Medescape

Skepticism, Medicine and Science News

The Perception of Pain

A recent study shows that pain hurts more of the person hurting you really means it (or rather, if the person being hurt believes the person really means it). The study was led by Kurt Gray along with Daniel Wegner, and published in Psychological Science

In the study, they paired up 48 participants with a partner who could either choose to give the other an electric shock or just play a audible tone for them. In the first set-up, the subjects received a shock when their partner chose this option (and to eliminate the factor of surprise, they were told in advance which option the partner picked). In the second set-up, the subjects were given a shock when the partner chose the tone, and vice versa. The resulting data showed that the subjects rated the pain from the intentional shocks significantly higher then that of the unintentional ones. This suggests that the perception of pain is closely tied with emotion, and that the latter can influence the first.

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December 21, 2008 Posted by | General Science, Medicine, Psychology | , , , , , , , , , , , | Leave a comment

Psychics at Nursing Home in Norway – A Bad Idea

One of the larger tabloid newspapers in Norway recently ran a story about a nursing home that employed two alleged psychics to deal with some “unexplainable” phenomena being reported by the patients. The specifics were extremely vague, but one official at the nursing home described the phenomena as things unexplainably falling down, the sense of another presence in an empty room, the sense of a weight on their bodies etc. All the common ghost/daemon/spirit/poltergeist “signs” in other words.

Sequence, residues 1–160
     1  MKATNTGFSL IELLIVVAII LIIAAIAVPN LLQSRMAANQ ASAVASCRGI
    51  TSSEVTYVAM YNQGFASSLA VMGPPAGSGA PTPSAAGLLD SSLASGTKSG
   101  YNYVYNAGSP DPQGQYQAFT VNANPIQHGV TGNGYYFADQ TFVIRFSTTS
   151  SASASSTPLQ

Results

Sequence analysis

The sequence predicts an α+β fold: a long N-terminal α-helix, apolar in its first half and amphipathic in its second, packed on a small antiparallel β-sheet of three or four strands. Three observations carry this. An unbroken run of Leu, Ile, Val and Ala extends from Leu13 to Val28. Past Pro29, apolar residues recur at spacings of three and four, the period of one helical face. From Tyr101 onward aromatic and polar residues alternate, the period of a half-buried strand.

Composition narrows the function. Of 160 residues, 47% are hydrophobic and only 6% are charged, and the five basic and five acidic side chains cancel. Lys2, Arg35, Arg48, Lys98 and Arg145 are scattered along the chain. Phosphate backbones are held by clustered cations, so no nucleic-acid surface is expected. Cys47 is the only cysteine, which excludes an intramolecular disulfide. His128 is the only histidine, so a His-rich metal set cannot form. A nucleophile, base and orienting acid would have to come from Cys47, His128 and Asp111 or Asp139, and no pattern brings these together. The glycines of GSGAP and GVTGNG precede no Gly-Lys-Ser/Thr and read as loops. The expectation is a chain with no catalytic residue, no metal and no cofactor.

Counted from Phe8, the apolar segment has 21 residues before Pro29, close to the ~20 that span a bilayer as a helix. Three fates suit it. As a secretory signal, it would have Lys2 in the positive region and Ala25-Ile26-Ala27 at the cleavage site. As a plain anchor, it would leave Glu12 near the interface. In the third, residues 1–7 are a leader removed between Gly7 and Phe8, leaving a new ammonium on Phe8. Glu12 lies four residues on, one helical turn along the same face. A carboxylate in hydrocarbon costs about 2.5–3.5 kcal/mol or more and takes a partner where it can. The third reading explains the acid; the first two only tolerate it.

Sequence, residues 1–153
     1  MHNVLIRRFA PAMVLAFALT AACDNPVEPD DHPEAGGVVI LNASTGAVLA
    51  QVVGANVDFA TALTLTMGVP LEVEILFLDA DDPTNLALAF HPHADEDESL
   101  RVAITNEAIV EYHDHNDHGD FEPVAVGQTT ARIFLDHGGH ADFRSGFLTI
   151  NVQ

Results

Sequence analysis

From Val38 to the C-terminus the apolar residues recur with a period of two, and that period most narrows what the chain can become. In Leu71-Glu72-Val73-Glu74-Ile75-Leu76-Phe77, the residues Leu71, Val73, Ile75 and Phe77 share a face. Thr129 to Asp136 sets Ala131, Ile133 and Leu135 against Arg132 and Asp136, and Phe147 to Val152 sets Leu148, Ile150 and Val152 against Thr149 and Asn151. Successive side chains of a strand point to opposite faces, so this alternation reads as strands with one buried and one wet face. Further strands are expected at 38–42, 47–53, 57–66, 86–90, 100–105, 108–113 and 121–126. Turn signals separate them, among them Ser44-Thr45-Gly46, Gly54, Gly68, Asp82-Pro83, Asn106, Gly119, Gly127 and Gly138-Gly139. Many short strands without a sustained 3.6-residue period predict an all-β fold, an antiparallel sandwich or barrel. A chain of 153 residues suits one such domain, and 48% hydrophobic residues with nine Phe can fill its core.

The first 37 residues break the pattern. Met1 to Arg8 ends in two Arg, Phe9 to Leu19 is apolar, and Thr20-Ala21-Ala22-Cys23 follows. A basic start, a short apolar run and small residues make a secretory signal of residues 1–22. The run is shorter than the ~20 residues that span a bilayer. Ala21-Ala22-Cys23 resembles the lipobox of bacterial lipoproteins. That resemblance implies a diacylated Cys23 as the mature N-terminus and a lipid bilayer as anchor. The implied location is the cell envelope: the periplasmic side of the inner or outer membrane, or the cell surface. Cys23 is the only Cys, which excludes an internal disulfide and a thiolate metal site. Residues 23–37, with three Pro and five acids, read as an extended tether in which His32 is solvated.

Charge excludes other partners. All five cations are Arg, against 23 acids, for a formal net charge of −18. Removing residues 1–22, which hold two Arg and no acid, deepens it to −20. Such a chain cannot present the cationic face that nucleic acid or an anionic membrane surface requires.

I think bringing these psychics in to take a look at this is just a complete waste of money. What are they supposed to do about this? Let’s just entertain the notion that things are, in fact, falling down more often than is the norm at this nursing home. If so, the psychics can cleanse the house all they want and it will do absolutely jack. What they should do is bring in the janitor to tighten some screws. And if things are not falling down more often than normal, the problem really lies within the psychology of the patients. If that is the case, sure, maybe the psychics “cleansing” will appease them a little bit, but it will not be a permanent fix. A week later and they will most likely be just as nervous as they were before, and the way to help them would really be for them to talk to a psychologist/psychiatrist. 

As for the other phenomena mentioned, there are a lot of possible, real-world explanations to them. One example is the Old Hag Syndrome, otherwise known as sleep paralysis. This is a condition where you are sort of in limbo between asleep and awake, so your body will be paralysed but you are still totally conscious. People who experience this have described feeling a large weight on their chest, and the presence of someone/something malevolent in the room with them. Well gee, that sounds awfully familiar, doesn’t it? Sleep paralysis have also been found to correlate with depression and even previous substance usage. And guess what, the nursing home in question currently specifically treats patients with a history of substance abuse…

This is just one possible explanation for these events, but it just shows that there is always a lot more to be gained by investigating all the possible real-world explanations before defaulting to paranormal ones. 

John Henry Fuseli – The Nightmare

November 6, 2008 Posted by | General Skepticism, Other, Psychology | , , , , , , , , , , , , , , , , , , , | Leave a comment

More Wiseman

These really cool videos were created by Richard Wiseman for the release of his book Quirkology. I just love these…

More videos inside…

Continue reading

October 5, 2008 Posted by | Other, Psychology | , , | Leave a comment

Online Psychological Experiments

Richard Wiseman is a professor of psychology, and he has set up a website for his latest book Quirkology – The Curious Science of Everyday Life. On this site he links to several cool online psychological experiments that he is conducting, and anybody can take part. It doesn’t take more than a few minutes, and you can sign up to get an update on the results via mail. The experiments are:

The psychology of romance

The psychology of laughter

He also explains some simple self-experiments you can do.

October 5, 2008 Posted by | Psychology | , , | Leave a comment